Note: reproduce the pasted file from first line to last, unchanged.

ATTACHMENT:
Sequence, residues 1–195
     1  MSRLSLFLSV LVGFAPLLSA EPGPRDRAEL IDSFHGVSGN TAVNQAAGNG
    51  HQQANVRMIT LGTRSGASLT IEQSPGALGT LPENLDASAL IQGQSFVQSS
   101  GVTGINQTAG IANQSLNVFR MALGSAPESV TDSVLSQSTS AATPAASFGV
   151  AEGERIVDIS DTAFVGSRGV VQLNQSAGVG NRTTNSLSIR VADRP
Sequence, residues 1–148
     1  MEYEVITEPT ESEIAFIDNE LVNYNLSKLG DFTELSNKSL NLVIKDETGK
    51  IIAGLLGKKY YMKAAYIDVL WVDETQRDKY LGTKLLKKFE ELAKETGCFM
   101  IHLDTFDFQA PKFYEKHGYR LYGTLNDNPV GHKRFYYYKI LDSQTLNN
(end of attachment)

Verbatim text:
Sequence, residues 1–195
     1  MSRLSLFLSV LVGFAPLLSA EPGPRDRAEL IDSFHGVSGN TAVNQAAGNG
    51  HQQANVRMIT LGTRSGASLT IEQSPGALGT LPENLDASAL IQGQSFVQSS
   101  GVTGINQTAG IANQSLNVFR MALGSAPESV TDSVLSQSTS AATPAASFGV
   151  AEGERIVDIS DTAFVGSRGV VQLNQSAGVG NRTTNSLSIR VADRP
Sequence, residues 1–148
     1  MEYEVITEPT ESEIAFIDNE LVNYNLSKLG DFTELSNKSL NLVIKDETGK
    51  IIAGLLGKKY YMKAAYIDVL WVDETQRDKY LGTKLLKKFE ELAKETGCFM
   101  IHLDTFDFQA PKFYEKHGYR LYGTLNDNPV GHKRFYYYKI LDSQTLNN